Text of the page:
A startup that supplies an ink allowing shrink sleeve labels to be separated from PET flakes with a magnet has successfully completed early testing of the innovation.
Ravish Majithia, founder and CEO of Watertown, Mass.-based Magnomer, told Plastics Recycling Update his company completed the first phase of a pilot project involving labels company American Fuji Seal, a major beverage brand, and independent testing lab Plastics Forming Enterprises (PFE). He could not disclose the name of the beverage brand.
Magnomer developed magnetizable inks that allow reclaimers to remove labels with magnets, which are already used to ensure ferrous metals don’t contaminate flakes or get into extruders. Magnomer’s inks can be produced in various colors or as a transparent ink, and are applied with standard label printing equipment, Majithia said.
Well-suited to existing label systems
While the technology has the potential to enable separation of any types of material for recycling, Majithia said, this particular project tested the ink on shrink sleeve labels on PET bottles.
Most shrink sleeve films are made of PETG, which sinks with PET flakes in float-sink tanks. The PETG can cause flake clumping in dryers, and inks on the labels can bleed and stain the clear flakes.
Companies have developed label films to address those issues, including polyolefin films that float, crystallizable films that can be recycled along with the bottle, and de-seaming labels that separate in the whole bottle pre-wash.
Still, adoption of recycling-friendly labels has been slow in some cases. Majithia said the label industry is familiar with and has equipment set up for PETG, which has good shrink properties.
“There’s a host of reasons why the industry isn’t able to move away from PETG and move to some of those other label technologies,” he said.
In the pilot project, several thousand bottles with PETG shrink sleeve labels were produced by American Fuji Seal for the unnamed beverage brand using Magnomer’s ink.
“On the printing and integration side, we used all high-volume commercial equipment to showcase … this can be done at commercial grade without any issues,” Majithia said. “So the scalability has been proven.”
Then, PFE took the bottles through the recycling process, confirming the labels don’t harm the recycling process. Majithia said that the inks are bleed resistant, so they don’t affect the quality of the wash water.
The first phase of the pilot project kicked off in late spring 2019 and concluded in November 2019. The recycling testing results were submitted to the Association of Plastic Recyclers (APR) in January 2020, he said.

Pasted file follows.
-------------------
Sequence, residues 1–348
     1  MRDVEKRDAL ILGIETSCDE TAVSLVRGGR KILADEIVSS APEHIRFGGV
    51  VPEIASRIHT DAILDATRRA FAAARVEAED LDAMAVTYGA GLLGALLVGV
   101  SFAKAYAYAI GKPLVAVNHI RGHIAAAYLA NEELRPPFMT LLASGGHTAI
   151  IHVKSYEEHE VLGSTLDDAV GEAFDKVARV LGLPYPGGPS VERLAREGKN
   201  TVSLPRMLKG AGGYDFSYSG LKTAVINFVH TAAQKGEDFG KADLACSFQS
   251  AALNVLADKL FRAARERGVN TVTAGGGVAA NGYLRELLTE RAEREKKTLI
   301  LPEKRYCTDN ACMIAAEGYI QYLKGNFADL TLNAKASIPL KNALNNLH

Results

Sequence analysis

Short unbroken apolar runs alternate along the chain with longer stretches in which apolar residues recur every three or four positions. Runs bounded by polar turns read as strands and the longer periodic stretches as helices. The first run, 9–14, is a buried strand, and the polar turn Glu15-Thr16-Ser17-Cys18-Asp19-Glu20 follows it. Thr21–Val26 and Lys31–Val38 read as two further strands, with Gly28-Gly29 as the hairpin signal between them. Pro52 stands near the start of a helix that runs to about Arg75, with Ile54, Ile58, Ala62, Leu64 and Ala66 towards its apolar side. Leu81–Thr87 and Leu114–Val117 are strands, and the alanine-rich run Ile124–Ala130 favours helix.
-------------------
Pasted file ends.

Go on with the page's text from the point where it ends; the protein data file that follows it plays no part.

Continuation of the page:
Phase two of the project will involve trials with a commercial PET reclaimer, Majithia said. His company is currently negotiating with multiple reclaimers. The ultimate goal is for commercial PET reclaimers to provide testimonials to APR validating the technology, so that Magnomer can achieve APR’s Responsible Innovation Recognition, he said.
While Magnomer has gotten significant traction with using its inks in shrink sleeve labels on PET bottles, the company is also working to push its technology to other applications, including recycling HDPE bottles, sorting multilayer films, and recycling aluminum cans.
“The technology has applicability in various aspects,” he said.
In terms of HDPE bottles, Magnomer is working with an Australian label manufacturer to showcase the use of the ink in pressure-sensitive labels on HDPE bottles. The labels are often BOPP, which floats with HDPE in float-sink tanks. Using Magnomer’s ink, a magnet can separate HDPE flakes with stuck-on label from clean HDPE flakes. The technology negates the need for an abrasive wash to remove the labels, he said.
The technology could also allow a materials recovery facility (MRF) to separate laminated films, such as chips bags, with a magnet, which is cheaper and more dependable than other types of sorting equipment. That would help remove plastic contamination from paper bales, where films often end up today, he noted.
Additionally, Magnomer is exploring the use of its inks in aluminum can full-body shrink labels. Those labels, along with pressure-sensitive labels, are often used on smaller drink runs, as opposed to the lacquered cans used for huge drink runs.
In aluminum recycling plants, cans are shredded and sent under a magnet to remove ferrous contamination before the aluminum goes into a furnace. When shredded, shrink labels can get tangled together and gum up equipment, according to a report from The Recycling Partnership and the Sustainable Packaging Coalition. In the kiln, they burn, raising the risk of fires and increases the creation of dross, which must be then sent out for additional processing.
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